But Don’t Tear Your Hair Out if You’re Late
Here’s the executive summary: Under Health Care Reform, employers must give a notice to all workers that explains how the health insurance exchanges work and the impact of buying coverage off the exchange if the worker already has employer-provider coverage, among other things. But this week, the DOL said that while the notices must be provided, there is no penalty for not handing them out. We recommend you still distribute the notices.
Here’s a slightly more elaborate explanation:
The “individual mandate” under federal Health Care Reform will become effective on January 1, 2014. As of that date, all individuals must have health insurance coverage or pay a penalty.
To ease the purchase of coverage by individuals, state insurance exchanges will offer coverage commencing on January 1, 2014, with open enrollment beginning on October 1, 2013. California’s insurance exchange is called “Covered California.”
Notices due by October 1, 2013
Under the Health Care Reform law, employers must notify employees of their options for coverage under the law by October 1, 2013. The notice informs employees of the existence of the exchanges, the possibility that workers may be eligible for a tax credit if they buy coverage through an exchange, and that workers who purchase coverage through an exchange may lose their employer’s contribution toward coverage.
The deadline for the notice to existing employees is October 1, 2013. And employers are to give it to employees hired after that date within 14 days of their date of hire. The notice must be provided to each employee, regardless of plan-enrollment status or part-time or full-time status. Employers are not required to provide a separate notice to dependents or retirees, but an employer’s obligation to provide notice may extend to its independent contractors and leased workers, depending on the nature of their relationship with the employer.
The notice may be distributed by email or in hard copy, and the Department of Labor created a model notice that employers can use to satisfy their obligations under the law. The model notice, OMB No. 1210-0149, is available on the Department of Labor’s website Click here (if you offer coverage) and here (if you don’t).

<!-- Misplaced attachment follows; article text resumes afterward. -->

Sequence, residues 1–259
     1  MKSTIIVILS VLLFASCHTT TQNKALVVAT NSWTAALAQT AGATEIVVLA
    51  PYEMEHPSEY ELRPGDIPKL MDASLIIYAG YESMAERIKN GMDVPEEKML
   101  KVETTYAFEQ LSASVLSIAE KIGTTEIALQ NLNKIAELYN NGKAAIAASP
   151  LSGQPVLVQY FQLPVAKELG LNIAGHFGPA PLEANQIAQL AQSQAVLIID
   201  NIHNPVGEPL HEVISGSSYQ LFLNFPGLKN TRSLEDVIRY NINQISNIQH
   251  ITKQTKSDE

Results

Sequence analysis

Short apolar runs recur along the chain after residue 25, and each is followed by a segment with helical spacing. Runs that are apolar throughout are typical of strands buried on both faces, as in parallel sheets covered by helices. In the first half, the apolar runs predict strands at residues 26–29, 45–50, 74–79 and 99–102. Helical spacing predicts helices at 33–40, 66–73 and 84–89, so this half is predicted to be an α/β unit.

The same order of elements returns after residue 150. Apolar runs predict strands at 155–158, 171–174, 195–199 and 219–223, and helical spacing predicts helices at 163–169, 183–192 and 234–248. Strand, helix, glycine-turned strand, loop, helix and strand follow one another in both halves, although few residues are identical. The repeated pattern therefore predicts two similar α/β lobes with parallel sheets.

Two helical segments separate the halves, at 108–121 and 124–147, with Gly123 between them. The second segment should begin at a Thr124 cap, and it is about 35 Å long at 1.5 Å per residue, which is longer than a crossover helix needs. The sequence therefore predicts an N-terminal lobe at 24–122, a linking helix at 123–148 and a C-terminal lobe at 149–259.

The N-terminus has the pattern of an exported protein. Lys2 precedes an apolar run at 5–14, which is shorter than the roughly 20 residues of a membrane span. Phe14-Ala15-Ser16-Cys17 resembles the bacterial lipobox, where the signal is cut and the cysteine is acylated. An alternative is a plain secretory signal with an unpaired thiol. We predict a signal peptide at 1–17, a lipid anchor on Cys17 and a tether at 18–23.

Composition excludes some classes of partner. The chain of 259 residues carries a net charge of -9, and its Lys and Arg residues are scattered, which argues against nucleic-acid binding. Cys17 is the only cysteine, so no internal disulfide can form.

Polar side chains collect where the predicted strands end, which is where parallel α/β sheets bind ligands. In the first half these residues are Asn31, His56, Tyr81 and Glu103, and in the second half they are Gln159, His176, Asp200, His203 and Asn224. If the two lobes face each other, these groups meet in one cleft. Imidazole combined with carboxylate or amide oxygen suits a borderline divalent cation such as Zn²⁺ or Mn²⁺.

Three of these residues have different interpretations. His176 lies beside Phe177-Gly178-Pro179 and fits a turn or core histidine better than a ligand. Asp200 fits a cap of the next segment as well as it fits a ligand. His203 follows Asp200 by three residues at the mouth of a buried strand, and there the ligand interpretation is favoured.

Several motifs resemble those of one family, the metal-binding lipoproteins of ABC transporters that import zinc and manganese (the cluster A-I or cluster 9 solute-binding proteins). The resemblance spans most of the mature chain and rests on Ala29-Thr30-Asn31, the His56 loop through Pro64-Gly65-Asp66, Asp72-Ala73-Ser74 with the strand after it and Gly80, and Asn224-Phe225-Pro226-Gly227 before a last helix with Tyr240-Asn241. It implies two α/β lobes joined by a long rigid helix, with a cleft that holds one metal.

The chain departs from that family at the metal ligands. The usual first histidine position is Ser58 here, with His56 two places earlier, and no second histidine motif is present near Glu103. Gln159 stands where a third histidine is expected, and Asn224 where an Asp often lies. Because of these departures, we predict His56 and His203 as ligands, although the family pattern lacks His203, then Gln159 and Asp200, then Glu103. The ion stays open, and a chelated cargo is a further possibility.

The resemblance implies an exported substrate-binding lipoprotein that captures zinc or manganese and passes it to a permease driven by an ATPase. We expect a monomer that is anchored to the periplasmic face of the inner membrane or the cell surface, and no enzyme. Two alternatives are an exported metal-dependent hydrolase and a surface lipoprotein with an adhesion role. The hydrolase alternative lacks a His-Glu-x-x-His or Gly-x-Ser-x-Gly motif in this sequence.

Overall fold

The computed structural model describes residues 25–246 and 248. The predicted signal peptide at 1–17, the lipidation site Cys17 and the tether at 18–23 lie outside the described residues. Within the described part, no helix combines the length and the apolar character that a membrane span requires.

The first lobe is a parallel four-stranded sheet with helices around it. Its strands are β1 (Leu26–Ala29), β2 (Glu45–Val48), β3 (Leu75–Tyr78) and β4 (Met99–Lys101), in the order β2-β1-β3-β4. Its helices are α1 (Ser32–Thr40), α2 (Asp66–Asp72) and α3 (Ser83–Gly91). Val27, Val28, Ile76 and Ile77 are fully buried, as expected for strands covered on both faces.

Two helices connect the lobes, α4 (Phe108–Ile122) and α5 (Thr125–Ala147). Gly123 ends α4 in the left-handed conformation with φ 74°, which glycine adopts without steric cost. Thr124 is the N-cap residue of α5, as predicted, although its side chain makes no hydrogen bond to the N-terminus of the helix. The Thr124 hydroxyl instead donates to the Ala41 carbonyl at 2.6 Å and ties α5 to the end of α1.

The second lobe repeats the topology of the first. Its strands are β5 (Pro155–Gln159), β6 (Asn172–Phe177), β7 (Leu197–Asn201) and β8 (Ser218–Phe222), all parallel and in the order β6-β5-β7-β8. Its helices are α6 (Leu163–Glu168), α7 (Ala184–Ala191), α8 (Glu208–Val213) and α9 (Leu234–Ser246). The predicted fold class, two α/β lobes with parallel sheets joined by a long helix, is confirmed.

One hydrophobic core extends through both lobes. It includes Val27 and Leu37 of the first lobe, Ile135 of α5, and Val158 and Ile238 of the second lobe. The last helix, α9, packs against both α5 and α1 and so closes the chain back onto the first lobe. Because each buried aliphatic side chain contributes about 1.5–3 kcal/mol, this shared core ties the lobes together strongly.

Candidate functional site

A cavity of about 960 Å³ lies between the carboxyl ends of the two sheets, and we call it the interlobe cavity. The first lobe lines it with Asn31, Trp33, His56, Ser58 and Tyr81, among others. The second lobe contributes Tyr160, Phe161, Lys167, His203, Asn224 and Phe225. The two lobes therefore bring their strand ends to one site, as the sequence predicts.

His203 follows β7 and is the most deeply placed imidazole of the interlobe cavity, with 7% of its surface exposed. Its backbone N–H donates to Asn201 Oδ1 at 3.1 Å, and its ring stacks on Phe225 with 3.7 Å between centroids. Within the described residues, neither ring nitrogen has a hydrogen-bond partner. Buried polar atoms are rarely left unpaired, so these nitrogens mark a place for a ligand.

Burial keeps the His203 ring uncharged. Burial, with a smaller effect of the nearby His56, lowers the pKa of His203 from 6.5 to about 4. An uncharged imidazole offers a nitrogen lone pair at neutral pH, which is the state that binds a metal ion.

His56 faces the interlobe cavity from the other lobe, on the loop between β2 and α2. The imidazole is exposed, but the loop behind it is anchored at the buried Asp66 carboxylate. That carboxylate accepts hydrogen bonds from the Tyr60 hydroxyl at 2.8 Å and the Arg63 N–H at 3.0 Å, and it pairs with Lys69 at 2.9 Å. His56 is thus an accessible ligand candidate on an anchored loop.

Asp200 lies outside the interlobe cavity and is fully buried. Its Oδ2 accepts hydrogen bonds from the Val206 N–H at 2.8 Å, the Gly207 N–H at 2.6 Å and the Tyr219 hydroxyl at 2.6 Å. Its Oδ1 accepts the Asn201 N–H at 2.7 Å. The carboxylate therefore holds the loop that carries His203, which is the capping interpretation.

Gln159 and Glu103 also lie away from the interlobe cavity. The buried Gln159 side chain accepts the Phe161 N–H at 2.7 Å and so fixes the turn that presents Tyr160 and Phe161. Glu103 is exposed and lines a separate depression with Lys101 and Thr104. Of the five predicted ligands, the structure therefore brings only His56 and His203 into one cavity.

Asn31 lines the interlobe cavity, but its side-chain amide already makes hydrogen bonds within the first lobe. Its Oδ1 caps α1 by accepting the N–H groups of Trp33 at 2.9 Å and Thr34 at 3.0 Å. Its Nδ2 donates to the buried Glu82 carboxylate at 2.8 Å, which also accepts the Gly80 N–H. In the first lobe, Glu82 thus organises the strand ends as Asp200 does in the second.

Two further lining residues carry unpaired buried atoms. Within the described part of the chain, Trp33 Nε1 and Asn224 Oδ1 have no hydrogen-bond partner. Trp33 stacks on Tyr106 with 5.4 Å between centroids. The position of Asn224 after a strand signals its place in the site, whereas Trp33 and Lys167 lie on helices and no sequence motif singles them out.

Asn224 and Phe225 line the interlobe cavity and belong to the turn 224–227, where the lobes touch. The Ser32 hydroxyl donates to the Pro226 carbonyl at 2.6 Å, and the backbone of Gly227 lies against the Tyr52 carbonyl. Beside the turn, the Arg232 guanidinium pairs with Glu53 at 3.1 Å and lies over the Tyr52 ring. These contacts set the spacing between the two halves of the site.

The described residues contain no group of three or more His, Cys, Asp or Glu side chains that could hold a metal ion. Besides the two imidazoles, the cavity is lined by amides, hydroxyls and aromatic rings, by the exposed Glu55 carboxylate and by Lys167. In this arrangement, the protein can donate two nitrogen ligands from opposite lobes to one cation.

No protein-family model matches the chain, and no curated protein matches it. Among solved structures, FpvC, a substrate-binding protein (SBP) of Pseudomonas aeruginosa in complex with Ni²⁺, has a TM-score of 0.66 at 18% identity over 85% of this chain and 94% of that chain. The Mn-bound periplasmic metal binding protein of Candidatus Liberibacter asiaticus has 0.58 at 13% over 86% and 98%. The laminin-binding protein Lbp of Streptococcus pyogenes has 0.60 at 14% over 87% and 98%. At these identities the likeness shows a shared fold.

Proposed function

There is no penalty (yet) if employers fail to distribute the notice!
The Health Care Reform law has a $100-a-day penalty for noncompliance with its provisions and we had assumed this penalty would apply to employers that fail to distribute the exchange notice. But in a “FAQ on Notice of Coverage Options” posted on the DOL’s website this week, the DOL writes:
Q: Can an employer be fined for failing to provide employees with notice about the Affordable Care Act’s new Health Insurance Marketplace?
A: No. If your company is covered by the Fair Labor Standards Act, it should provide a written notice to its employees about the Health Insurance Marketplace by Oct. 1, 2013, but there is no fine or penalty under the law for failing to provide the notice.
The U.S. Small Business Administration repeated this point in a Sept. 12 online posting that stated: “If your company is covered by the Fair Labor Standards Act, you must provide a written notice to your employees about the Health Insurance Marketplace by Oct.1, 2013. However, there is no fine or penalty under the law for failing to provide the notice.”
You should still distribute the notice
While there is no penalty, you should still distribute the notice to your workers. (Okay, maybe you don’t need to work all weekend to get it out by October 1, but you should make an effort to get it out by then — or shortly thereafter.) In addition to it being “the rule”, the DOL’s position on the penalty could change – and maybe you are focusing on something else during that time and miss it. The DOL has directed employers to provide the information – Just Do It!
The employment lawyers at McPharlin Sprinkles & Thomas LLP are ready to help you with questions about compliance with health care reform. Give us a call!
As always great. on point practical advice!